Family Discussions About Contraception And Family Planning: A Qualitative Exploration Of Black Parent and Adolescent Perspectives
Article first published online: 21 JUL 2010
Copyright © 2010 by the Guttmacher Institute
Perspectives on Sexual and Reproductive Health
Volume 42, Issue 3, pages 160–167, September 2010
How to Cite
Akers, A. Y., Schwarz, E. B., Borrero, S. and Corbie-Smith, G. (2010), Family Discussions About Contraception And Family Planning: A Qualitative Exploration Of Black Parent and Adolescent Perspectives. Perspectives on Sexual and Reproductive Health, 42: 160–167. doi: 10.1363/4216010
- Issue published online: 7 SEP 2010
- Article first published online: 21 JUL 2010
CONTEXT: Parent-adolescent communication is associated with increased adolescent contraceptive use. However, studies of this association are limited by their lack of examination of the communication process, reliance on cross-sectional designs and infrequent comparison of parent and adolescent perspectives. Examining communication in black families is particularly important, given the high pregnancy rate among black adolescents.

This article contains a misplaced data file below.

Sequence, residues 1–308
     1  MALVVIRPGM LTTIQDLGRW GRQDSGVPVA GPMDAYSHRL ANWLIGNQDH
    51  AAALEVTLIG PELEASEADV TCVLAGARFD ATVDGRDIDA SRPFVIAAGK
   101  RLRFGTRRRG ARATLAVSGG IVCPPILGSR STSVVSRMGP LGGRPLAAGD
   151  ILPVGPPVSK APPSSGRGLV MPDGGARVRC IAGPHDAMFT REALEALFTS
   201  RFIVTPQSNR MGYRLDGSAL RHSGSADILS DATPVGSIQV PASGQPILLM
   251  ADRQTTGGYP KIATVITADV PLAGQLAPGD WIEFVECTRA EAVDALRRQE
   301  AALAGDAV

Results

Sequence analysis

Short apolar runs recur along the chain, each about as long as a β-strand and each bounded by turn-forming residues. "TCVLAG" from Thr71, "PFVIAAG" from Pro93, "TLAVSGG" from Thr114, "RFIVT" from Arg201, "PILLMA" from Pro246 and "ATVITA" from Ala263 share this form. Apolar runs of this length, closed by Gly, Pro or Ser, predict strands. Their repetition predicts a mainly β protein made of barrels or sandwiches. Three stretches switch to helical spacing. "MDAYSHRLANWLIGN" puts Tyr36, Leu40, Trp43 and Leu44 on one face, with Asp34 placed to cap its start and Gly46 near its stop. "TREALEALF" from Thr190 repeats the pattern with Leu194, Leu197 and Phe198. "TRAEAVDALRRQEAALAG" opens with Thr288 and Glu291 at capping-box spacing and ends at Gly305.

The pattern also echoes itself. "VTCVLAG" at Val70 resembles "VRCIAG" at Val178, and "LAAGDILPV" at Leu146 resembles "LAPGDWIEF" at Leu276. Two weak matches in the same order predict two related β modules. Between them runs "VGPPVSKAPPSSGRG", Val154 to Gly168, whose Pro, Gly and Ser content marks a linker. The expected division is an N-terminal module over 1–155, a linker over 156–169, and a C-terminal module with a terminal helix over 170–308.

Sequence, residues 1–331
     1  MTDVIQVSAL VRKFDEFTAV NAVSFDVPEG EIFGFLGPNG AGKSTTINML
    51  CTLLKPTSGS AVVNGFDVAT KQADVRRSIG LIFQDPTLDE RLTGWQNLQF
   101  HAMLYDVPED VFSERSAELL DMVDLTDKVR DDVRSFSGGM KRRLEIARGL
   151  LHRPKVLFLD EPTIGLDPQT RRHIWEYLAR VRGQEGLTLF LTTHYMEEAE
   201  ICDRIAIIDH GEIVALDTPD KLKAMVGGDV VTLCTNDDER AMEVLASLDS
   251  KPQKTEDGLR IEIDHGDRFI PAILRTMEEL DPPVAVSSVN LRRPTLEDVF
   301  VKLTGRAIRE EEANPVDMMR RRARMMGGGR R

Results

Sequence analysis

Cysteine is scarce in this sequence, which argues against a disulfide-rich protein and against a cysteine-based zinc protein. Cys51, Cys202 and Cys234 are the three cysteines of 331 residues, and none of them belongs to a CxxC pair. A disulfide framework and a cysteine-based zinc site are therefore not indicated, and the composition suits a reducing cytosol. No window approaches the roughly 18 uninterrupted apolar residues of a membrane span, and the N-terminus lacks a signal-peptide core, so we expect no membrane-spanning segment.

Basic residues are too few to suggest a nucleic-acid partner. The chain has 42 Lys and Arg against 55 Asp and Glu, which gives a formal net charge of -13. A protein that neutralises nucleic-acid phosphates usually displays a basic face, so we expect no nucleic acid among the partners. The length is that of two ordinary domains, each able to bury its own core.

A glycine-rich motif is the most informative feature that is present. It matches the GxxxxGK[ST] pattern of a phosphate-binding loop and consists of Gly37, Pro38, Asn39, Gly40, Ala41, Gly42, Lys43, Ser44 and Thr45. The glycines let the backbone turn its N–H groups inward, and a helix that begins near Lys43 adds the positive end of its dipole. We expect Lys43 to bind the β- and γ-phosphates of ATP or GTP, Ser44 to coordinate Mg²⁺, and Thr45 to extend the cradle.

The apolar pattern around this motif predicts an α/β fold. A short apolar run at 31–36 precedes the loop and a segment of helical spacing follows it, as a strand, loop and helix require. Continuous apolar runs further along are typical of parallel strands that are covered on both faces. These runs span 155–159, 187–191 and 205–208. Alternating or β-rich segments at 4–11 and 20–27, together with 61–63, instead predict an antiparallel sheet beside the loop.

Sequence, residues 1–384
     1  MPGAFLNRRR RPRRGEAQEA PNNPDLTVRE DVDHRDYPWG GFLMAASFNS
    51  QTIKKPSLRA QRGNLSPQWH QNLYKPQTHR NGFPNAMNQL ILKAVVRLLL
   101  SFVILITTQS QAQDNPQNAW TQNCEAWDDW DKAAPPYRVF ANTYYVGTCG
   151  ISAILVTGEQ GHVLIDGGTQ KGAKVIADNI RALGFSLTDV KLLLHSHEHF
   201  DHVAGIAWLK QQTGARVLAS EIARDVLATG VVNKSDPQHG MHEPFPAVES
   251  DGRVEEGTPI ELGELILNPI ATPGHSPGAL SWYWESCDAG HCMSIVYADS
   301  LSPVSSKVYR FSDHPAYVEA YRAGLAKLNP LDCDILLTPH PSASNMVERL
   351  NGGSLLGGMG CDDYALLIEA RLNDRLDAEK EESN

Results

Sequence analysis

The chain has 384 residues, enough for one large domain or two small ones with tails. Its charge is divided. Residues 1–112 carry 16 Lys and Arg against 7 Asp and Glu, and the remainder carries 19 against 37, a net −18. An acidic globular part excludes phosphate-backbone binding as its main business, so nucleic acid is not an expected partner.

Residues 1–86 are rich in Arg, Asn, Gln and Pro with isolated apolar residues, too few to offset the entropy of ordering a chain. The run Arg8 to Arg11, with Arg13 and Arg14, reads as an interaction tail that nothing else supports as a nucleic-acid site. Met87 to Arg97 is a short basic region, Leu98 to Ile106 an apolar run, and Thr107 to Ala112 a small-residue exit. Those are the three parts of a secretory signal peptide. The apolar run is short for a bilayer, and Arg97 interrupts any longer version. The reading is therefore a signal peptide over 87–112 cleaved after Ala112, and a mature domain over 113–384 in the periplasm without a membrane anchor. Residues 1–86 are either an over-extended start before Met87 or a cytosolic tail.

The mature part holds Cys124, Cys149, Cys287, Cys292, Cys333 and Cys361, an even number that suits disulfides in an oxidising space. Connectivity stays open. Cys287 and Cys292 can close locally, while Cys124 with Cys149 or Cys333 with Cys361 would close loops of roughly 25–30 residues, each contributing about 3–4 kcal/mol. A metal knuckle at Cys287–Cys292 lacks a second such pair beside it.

METHODS: Between December 2007 and March 2008, a total of 21 focus groups were conducted with 53 black families (68 parents and 57 adolescents) in Pennsylvania. Separate groups were held for males and females, and for parents and adolescents. The discussion guide explored family communication about sexual health topics, including contraception, family planning and abortion. Sessions were audio-recorded; data were transcribed and analyzed using a grounded theory approach to content analysis and the constant comparison method.
RESULTS: Five key themes emerged among both parents and adolescents. First, discussions about contraception were indirect and framed in terms of the need to avoid negative consequences of sex. Second, contraceptive knowledge was low. Third, parents more often reported helping male adolescents get condoms than helping females get contraceptives. Fourth, discussions emphasized planning for the future over contraception. Finally, negative attitudes toward abortion were prevalent.
CONCLUSIONS: Parent-adolescent communication interventions should improve contraceptive knowledge, help parents understand the harmful effects of gender biases in information dissemination, and provide mothers and fathers with communication skills tailored to enhance the role they play in their adolescents’ sexual development.